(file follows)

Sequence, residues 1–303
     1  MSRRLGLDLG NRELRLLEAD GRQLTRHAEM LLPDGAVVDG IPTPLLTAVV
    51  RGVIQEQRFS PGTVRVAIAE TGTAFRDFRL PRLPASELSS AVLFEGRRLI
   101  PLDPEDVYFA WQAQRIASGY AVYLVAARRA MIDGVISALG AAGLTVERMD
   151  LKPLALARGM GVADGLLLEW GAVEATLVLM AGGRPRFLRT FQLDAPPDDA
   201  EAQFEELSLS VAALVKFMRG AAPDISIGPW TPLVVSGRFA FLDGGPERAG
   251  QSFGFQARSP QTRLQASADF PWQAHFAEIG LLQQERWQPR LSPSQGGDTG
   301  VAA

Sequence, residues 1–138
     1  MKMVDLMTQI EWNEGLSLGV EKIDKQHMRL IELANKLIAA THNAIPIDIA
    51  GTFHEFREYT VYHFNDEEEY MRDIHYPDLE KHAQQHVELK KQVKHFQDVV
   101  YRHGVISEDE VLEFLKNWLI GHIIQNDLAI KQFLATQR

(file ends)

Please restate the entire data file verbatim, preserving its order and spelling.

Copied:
Sequence, residues 1–303
     1  MSRRLGLDLG NRELRLLEAD GRQLTRHAEM LLPDGAVVDG IPTPLLTAVV
    51  RGVIQEQRFS PGTVRVAIAE TGTAFRDFRL PRLPASELSS AVLFEGRRLI
   101  PLDPEDVYFA WQAQRIASGY AVYLVAARRA MIDGVISALG AAGLTVERMD
   151  LKPLALARGM GVADGLLLEW GAVEATLVLM AGGRPRFLRT FQLDAPPDDA
   201  EAQFEELSLS VAALVKFMRG AAPDISIGPW TPLVVSGRFA FLDGGPERAG
   251  QSFGFQARSP QTRLQASADF PWQAHFAEIG LLQQERWQPR LSPSQGGDTG
   301  VAA

Sequence, residues 1–138
     1  MKMVDLMTQI EWNEGLSLGV EKIDKQHMRL IELANKLIAA THNAIPIDIA
    51  GTFHEFREYT VYHFNDEEEY MRDIHYPDLE KHAQQHVELK KQVKHFQDVV
   101  YRHGVISEDE VLEFLKNWLI GHIIQNDLAI KQFLATQR